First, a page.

SummaryDuopolies are commonly used when explaining sequential games, because they model the interdependence between two firms. We learn in this Learning Path how duopolists react to each other’s actions, how collusions work and how repeated sequential games may change the essence of a game.
Stackelberg duopoly, also called Stackelberg competition, is a model of imperfect competition based on a non-cooperative game. It was developed in 1934 by Heinrich Stackelbelrg in his “Market Structure and Equilibrium” and represented a breaking point in the study of market structure, particularly the analysis of duopolies, since it was a model based on different starting assumptions and gave different conclusions to those of the Cournot’s and Bertrand’s duopoly models.
In game theory, a Stackelberg duopoly is a sequential game (not simultaneous as in Cournot’s model). There are two firms, which sell homogeneous products, and are subject to the same demand and cost functions. One firm, the leader, is perhaps better known or has greater brand equity, and is therefore better placed to decide first which quantity q1 to sell, and the other firm, the follower, observes this and decides on its production quantity q2. To find the Nash equilibrium of the game we need to use backward induction, as in any sequential game. That is, start analyzing the decision of the follower.
For firm 2 (follower), the problem is similar to the Cournot’ model. The reaction as a function of q1 (blue lines) is as follows:
Firm 1 (leader) anticipates the follower’s behavior and takes it into consideration to make the strategic choice of q1:
Therefore, the quantities sold by each firm at equilibrium are:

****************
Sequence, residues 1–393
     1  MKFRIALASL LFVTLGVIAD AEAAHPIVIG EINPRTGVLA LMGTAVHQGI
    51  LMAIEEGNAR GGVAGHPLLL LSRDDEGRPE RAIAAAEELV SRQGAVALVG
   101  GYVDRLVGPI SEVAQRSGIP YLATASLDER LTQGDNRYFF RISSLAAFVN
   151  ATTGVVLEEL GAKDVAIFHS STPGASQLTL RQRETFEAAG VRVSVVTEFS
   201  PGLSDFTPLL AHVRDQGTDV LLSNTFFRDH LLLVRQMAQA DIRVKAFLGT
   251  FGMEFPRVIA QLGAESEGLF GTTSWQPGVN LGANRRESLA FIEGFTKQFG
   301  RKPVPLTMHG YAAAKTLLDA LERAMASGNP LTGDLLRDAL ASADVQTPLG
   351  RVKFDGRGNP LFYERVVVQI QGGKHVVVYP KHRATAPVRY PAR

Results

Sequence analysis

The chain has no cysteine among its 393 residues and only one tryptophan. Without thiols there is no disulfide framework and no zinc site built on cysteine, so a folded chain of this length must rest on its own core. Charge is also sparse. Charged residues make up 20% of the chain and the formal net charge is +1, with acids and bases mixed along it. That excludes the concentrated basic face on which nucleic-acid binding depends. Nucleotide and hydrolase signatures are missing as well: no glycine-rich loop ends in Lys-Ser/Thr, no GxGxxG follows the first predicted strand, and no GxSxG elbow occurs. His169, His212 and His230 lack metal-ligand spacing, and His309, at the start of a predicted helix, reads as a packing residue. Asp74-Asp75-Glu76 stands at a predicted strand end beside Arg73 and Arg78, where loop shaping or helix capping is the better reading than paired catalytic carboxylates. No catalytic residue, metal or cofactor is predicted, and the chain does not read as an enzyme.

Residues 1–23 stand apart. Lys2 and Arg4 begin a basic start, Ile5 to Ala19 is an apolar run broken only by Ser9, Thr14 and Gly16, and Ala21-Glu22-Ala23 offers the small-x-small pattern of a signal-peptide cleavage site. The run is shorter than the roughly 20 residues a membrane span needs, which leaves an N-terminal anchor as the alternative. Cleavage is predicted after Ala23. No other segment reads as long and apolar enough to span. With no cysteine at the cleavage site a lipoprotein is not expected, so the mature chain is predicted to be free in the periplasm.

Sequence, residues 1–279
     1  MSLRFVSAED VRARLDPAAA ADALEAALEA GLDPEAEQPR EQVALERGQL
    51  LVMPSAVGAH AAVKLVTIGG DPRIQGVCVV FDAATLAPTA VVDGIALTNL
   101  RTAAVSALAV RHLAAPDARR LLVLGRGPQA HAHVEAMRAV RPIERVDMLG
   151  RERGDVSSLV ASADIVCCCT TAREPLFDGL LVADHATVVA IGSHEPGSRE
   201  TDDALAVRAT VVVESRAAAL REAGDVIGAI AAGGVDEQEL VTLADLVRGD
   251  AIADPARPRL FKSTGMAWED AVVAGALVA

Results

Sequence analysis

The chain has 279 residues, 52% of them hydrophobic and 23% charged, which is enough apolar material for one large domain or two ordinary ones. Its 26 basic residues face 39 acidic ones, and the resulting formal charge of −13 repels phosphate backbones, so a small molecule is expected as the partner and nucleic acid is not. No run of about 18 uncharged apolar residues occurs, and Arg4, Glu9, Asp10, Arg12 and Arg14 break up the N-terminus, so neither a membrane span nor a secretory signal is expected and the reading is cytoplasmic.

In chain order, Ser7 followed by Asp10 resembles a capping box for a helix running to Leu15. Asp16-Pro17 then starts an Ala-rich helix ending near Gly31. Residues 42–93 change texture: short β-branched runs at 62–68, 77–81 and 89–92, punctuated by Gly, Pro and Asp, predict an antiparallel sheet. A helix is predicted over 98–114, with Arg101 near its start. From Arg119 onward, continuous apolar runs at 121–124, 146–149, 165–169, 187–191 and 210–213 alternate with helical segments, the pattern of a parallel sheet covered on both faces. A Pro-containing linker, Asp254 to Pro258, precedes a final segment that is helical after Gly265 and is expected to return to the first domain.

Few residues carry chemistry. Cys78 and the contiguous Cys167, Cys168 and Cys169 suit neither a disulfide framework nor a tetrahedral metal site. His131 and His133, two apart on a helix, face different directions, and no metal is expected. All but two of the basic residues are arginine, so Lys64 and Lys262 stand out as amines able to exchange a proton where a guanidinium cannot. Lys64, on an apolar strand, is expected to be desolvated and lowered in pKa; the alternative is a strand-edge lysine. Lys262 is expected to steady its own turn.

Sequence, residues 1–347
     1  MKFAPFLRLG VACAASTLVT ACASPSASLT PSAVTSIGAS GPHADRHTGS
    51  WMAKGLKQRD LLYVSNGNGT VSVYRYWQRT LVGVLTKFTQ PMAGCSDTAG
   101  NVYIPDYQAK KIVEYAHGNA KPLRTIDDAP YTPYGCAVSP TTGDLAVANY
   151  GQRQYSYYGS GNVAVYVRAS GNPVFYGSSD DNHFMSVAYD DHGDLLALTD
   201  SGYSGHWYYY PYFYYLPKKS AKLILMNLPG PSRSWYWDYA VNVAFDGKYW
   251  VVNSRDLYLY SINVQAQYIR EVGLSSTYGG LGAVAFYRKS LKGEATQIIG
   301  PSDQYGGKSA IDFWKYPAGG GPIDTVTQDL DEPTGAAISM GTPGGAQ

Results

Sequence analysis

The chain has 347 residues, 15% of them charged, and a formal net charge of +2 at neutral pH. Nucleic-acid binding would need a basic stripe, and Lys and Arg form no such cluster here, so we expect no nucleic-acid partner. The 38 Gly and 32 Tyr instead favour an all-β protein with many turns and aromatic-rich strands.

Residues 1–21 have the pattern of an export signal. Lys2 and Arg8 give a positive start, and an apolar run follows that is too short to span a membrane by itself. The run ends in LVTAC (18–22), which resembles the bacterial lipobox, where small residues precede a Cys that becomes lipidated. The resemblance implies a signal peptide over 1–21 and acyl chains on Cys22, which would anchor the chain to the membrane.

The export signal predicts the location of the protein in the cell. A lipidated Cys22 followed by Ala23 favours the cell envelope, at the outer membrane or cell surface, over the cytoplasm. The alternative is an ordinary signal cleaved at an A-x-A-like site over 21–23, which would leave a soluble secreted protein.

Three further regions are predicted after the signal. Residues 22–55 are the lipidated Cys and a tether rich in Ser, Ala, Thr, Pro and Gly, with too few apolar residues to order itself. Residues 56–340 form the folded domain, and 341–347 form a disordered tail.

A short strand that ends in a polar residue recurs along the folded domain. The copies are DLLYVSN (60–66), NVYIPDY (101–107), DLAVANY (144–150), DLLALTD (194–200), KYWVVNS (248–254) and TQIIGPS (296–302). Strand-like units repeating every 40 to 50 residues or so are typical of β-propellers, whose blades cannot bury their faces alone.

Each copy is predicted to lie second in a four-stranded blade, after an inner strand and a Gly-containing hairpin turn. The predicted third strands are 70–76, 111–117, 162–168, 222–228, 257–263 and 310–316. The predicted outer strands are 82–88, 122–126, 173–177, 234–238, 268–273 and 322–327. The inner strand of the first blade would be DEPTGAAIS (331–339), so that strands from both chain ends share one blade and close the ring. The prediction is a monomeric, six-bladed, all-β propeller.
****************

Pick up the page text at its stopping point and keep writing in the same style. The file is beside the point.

The perfect equilibrium of the game is the Stackelberg equilibrium. In this game, the leader has decided not to behave as in the Cournot’s model, however, we cannot ensure that the leader is going to produce more and make more profits than the follower (production will be larger for the firm with lower marginal costs). Total production will be greater and prices lower, but player one will be better off than player two, which serves to highlight two things: the importance of accurate market information when defining a strategy, and the interdependence of each player’s strategies, especially when there is a market leader (with the benefit of moving first) and a follower.
When it comes to economic efficiency, the result is similar to Cournot’s duopoly model. The Nash equilibrium is not Pareto efficient (isoprofit curves, green curves, are not tangent to each other) and therefore, there is a loss in economic efficiency. Nevertheless, the loss is lower in the Stackelberg duopoly than in Cournot’s.
Stackelberg and Cournot equilibria are stable in a static model of just one period. In a dynamic context (repeated games), the models need to be reconsidered.
Comparison with Cournot duopolies:
-Stackelberg’s model is a sequential game, Cournot’s is a simultaneous game;
-In Stackelberg duopolies, the quantity sold by the leader is greater than the quantity sold by the follower, while in Cournot duopolies quantity is the same for both firms;
-When comparing each firm’s output and prices, we have:
Leader: qS1 > qC1 and πS1 > πC1
Follower: qS2 < qC2 and πS2 < πC2
-With regard to total output and prices we have the following:
QM < QC < QS < QPC
PM > PC > PS > PPC = MC
QC: total Cournot output
QS: total Stackelberg output
QPC: total perfect competition output
QM: total monopoly output
PC: Cournot price
PS: Stackelberg price
PPC: perfect competition price
PM: monopoly price
MC: marginal cost